In this retrospective cohort study, we found a mPFS of 5.9 months in the monotherapy group and 7.8 months in the combination group, which compare favorably with the 2.8 months reported in patients with advanced HCC treated with first-line sorafenib in Asian patients (34,35). In addition, the mOS was almost twice as long in the combination group as in the monotherapy group (13.9 vs. 23.6 months), suggesting that ICI may act synergistically with regorafenib and warranting confirmation in a prospective randomized trial. We could reproduce the strong prognostic value of the CRAFITY score (22) and of hand/foot skin reactions developing during treatment (13).

Dose-response analyses suggested that a stable dose of 160 mg or regorafenib provides optimal efficacy, if tolerated. Hand/foot skin reactions are the most common side effect caused by TKI’s targeting vascular endothelial growth factor receptor (VEGFR) (36).

Although our study design did not directly compare regorafenib with standard of care (Lenvatinib or Atezolizumab/bevacizumab), we made indirect comparisons through a literature review and available clinical trial data. We found that while Lenvatinib and Atezolizumab/bevacizumab have been shown to be effective first-line treatment options, regorafenib may offer additional therapeutic advantages in certain patient populations, particularly in those who are resistant or intolerant to standard therapy (37). There are limitations to this study. First, the sample size of this study is relatively small, reducing its statistical power. Second, this was a retrospective study with some confounding factors and biases, including probable underreporting of AEs, and future prospective studies applying fixed protocols are needed to validate the findings. Comparisons of results with those of RCTs should therefore be done with reservations.


In conclusion, this retrospective, real-world study showed that regorafenib as a first-line agent alone or in combination with ICIs is active and seems to have a favorable safety profile. As the mOS of patients treated with regorafenib and ICI in combination was almost two years and approx. twice as long as compared to the monotherapy group, and the registered toxicity mild, further studies of the combination for first-line treatment of advanced HCC seems warranted.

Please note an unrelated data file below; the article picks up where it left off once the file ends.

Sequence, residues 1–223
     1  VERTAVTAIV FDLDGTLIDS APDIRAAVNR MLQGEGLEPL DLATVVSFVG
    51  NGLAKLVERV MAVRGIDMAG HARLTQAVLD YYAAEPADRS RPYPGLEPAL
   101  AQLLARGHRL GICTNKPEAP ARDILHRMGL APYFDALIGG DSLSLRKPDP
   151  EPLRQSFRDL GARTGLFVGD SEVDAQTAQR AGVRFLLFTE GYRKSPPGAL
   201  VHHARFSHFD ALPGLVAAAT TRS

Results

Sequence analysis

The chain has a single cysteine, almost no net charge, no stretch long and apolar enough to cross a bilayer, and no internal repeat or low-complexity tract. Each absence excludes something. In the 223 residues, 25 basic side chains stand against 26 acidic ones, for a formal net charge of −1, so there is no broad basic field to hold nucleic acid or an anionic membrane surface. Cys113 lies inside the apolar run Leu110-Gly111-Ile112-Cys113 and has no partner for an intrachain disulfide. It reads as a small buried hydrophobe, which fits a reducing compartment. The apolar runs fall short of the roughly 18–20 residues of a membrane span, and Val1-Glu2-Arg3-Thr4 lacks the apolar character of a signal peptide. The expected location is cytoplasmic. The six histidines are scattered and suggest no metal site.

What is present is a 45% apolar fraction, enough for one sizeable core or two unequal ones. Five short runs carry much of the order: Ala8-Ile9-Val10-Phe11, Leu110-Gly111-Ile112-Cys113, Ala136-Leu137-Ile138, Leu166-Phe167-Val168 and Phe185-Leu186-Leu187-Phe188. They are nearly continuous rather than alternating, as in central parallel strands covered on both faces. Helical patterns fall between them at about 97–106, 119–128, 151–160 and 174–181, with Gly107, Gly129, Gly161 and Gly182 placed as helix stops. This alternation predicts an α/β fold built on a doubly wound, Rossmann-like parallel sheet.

Funding: This work was supported by The Tianjin Science and Technology Project (No. 19ZXDBSY00010 to Y.Z.).


Reporting Checklist: The authors have completed the STROBE reporting checklist. Available at https://jgo.amegroups.com/article/view/10.21037/jgo-24-315/rc

Data Sharing Statement: Available at https://jgo.amegroups.com/article/view/10.21037/jgo-24-315/dss

Peer Review File: Available at https://jgo.amegroups.com/article/view/10.21037/jgo-24-315/prf

Conflicts of Interest: All authors have completed the ICMJE uniform disclosure form (available at https://jgo.amegroups.com/article/view/10.21037/jgo-24-315/coif). M.L. reports research funding by Scandion Oncology A/S, Denmark. The other authors have no conflicts of interest to declare.

Ethical Statement: The authors are accountable for all aspects of the work in ensuring that questions related to the accuracy or integrity of any part of the work are appropriately investigated and resolved. The study was conducted in accordance with the Declaration of Helsinki (as revised in 2013). The study was approved by Science and Technology Ethics Committee of Tianjin First Central Hospital (No. 2023DZX08) and informed consent was taken from all the patients.

Open Access Statement: This is an Open Access article distributed in accordance with the Creative Commons Attribution-NonCommercial-NoDerivs 4.0 International License (CC BY-NC-ND 4.0), which permits the non-commercial replication and distribution of the article with the strict proviso that no changes or edits are made and the original work is properly cited (including links to both the formal publication through the relevant DOI and the license). See: https://creativecommons.org/licenses/by-nc-nd/4.0/.


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Cite this article as: Yu J, Bai Y, Cui Z, Cheng C, Ladekarl M, Cheng KC, Chan KS, Yarmohammadi H, Mauriz JL, Zhang Y. Efficacy and safety of regorafenib as a first-line agent alone or in combination with an immune checkpoint inhibitor for advanced hepatocellular carcinoma: a retrospective cohort study. J Gastrointest Oncol 2024;15(3):1072-1081. doi: 10.21037/jgo-24-315